January 19, 2022 “Beer is Best” say our happy male (and female) customers. Check out our top 3 selling beer gift boxes, ready to be shipped delivered NZ wide today ! Ever wondered the psychology behind men liking beer? Turns out there are studies which reveal why drinking beer is appealing to men, perhaps more so than it is appealing to women. According to pH lab, one of the first reasons relates to socialising with other men and the connection brought about when men sit with each other and drink beer.
What gender drinks the most beer?
Only 17% of women drink beer at least once a week (compared to 53% of men). Male oriented advertising is one of the three main barriers for over a quarter (27%) of women drinking beer – rising even higher for the 18-24 year-old female group to almost half (48%).
What happens if you drink a beer everyday?
04 /6 Your kidneys may suffer – Two drinks per day for men and one for women is considered as moderate drinking. Going beyond this limit may have harmful repercussions. Drinking beer high in alcohol content can put you at the risk of hypertension and kidney diseases.
How many beers can a man drink per day?
What are the U.S. Dietary Guidelines on alcohol consumption? – The U.S. Dietary Guidelines 7 recommends that for healthy adults who choose to drink and do not have the exclusions noted above, alcohol-related risks may be minimized, though not eliminated, by limiting intakes to:
- For women —1 drink or less in a day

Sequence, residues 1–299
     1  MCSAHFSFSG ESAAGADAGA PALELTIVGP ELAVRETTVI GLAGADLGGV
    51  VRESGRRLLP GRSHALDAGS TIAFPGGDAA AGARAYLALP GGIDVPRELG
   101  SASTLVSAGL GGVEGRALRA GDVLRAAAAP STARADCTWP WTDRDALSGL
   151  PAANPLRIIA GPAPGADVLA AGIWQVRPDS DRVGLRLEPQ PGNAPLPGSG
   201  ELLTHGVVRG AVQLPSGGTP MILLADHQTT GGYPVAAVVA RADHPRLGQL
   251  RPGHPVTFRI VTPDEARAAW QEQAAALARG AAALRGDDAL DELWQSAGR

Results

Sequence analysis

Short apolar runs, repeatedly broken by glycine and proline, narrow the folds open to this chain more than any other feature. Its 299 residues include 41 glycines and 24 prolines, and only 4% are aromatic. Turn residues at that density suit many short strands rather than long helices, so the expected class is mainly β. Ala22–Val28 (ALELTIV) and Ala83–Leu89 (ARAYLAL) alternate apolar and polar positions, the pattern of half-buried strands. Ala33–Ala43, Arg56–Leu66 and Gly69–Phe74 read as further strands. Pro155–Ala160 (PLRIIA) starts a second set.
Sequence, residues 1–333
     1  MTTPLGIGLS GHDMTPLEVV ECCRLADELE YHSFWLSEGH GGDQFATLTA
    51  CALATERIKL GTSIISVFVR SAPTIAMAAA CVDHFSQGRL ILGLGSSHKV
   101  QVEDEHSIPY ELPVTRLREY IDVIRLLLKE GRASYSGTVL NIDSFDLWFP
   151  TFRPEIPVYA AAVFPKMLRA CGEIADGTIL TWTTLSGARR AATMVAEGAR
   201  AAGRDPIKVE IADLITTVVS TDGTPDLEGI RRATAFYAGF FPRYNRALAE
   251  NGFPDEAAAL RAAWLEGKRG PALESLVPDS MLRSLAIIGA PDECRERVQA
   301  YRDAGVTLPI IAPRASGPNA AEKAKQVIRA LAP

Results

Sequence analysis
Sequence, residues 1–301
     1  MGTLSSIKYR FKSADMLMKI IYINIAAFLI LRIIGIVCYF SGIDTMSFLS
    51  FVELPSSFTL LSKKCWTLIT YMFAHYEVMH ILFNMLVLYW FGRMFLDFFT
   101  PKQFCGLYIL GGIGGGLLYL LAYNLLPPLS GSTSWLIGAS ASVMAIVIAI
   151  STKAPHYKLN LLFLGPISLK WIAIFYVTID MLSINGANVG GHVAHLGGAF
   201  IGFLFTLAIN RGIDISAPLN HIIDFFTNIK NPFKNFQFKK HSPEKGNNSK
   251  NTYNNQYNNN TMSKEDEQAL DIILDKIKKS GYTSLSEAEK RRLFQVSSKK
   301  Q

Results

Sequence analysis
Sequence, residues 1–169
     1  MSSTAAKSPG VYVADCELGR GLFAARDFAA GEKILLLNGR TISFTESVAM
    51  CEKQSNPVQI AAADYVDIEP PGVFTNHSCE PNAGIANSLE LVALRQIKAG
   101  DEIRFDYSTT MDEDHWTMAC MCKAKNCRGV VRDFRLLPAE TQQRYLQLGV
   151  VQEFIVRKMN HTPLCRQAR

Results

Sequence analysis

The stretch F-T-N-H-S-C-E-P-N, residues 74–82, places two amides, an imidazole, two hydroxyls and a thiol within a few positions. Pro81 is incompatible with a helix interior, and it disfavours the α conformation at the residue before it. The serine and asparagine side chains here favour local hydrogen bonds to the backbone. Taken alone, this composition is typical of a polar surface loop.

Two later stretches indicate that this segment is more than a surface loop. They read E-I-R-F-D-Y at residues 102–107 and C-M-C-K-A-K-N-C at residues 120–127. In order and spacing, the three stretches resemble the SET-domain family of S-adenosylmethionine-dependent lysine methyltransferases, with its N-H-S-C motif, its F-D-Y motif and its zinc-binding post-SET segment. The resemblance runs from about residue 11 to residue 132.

- For men —2 drinks or less in a day
The 2020-2025 U.S. Dietary Guidelines makes it clear that these light to moderate amounts are not intended as an average, but rather the amount consumed on any single day. The latest and most rigorous research casts some doubt on past studies that linked light to moderate drinking with a reduced risk of cardiovascular disease and indicates that protective effects were overestimated.8 Earlier study methods made it difficult to conclude whether positive cardiovascular outcomes were due to low alcohol consumption or instead, for example, to diet, genetics, health history, or behavioral differences between people who do and do not drink.
Recent studies also suggest that that even drinking in moderation increases the risk for stroke, 9 cancer, 10 and premature death.11,12 In short, current research indicates that: (1) for those who drink, the less, the better; 13 (2) those with a strong family history of cancer or AUD may wish to minimize risk by abstaining; 11 and (3) those who don’t drink alcohol shouldn’t start—as noted in the U.S.
Dietary Guidelines —”for any reason.” 7
How many beers a week is OK for men?
What’s Important to Know? – If you choose to drink alcohol, drink in moderation. Women and everyone over age 64 should drink no more than 1 standard drink per day (and not more than 7 standard drinks per week). Men aged 64 and under should drink no more than 2 standard drinks per day (and not more than 14 standard drinks per week). One standard drink is equivalent to:
12 oz. regular beer, usually about 5% alcohol or 8-9 oz. malt liquor, or 5 oz. table wine (12%), or 1.5 oz.80-proof hard liquor
Drinking too much alcohol, or “binge drinking,” can lead to a higher risk of health problems such as liver damage, pancreatitis, or other issues. Binge drinking is defined as:
More than 3 drinks on one occasion for women and adults over age 64 More than 4 drinks on one occasion for men
For many adults, drinking small amounts of alcohol does not cause serious health problems. Women who drink no more than 1 standard drink per day (and not more than 7 standard drinks per week) and men who drink no more than 2 standard drinks a day (and not more than 14 standard drinks per week) are at low risk for developing problems with alcohol use. Back to top